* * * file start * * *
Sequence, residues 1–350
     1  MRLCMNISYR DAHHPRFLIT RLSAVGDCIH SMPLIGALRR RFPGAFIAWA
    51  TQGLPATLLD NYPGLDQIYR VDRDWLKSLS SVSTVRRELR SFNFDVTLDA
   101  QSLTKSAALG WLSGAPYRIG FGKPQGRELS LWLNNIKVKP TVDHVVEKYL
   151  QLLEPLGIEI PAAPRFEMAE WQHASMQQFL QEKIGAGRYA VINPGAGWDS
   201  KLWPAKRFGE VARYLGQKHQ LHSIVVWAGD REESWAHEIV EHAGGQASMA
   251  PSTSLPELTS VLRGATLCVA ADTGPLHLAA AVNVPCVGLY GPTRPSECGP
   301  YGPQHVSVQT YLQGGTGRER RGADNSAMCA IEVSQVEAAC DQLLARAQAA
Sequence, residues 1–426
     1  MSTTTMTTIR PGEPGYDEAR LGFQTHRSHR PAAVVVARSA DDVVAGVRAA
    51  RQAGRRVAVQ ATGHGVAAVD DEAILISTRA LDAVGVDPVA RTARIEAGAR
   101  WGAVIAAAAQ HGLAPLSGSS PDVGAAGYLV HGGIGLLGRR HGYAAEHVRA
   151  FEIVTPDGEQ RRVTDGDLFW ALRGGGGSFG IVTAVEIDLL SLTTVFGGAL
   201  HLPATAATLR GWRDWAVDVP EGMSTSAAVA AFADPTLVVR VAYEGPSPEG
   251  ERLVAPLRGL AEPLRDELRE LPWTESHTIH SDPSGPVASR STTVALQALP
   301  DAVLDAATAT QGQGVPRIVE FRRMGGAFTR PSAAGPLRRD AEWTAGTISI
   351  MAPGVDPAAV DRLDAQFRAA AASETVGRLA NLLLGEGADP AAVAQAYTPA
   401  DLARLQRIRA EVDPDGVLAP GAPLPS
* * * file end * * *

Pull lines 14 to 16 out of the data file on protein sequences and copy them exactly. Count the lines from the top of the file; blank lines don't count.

   201  HLPATAATLR GWRDWAVDVP EGMSTSAAVA AFADPTLVVR VAYEGPSPEG
   251  ERLVAPLRGL AEPLRDELRE LPWTESHTIH SDPSGPVASR STTVALQALP
   301  DAVLDAATAT QGQGVPRIVE FRRMGGAFTR PSAAGPLRRD AEWTAGTISI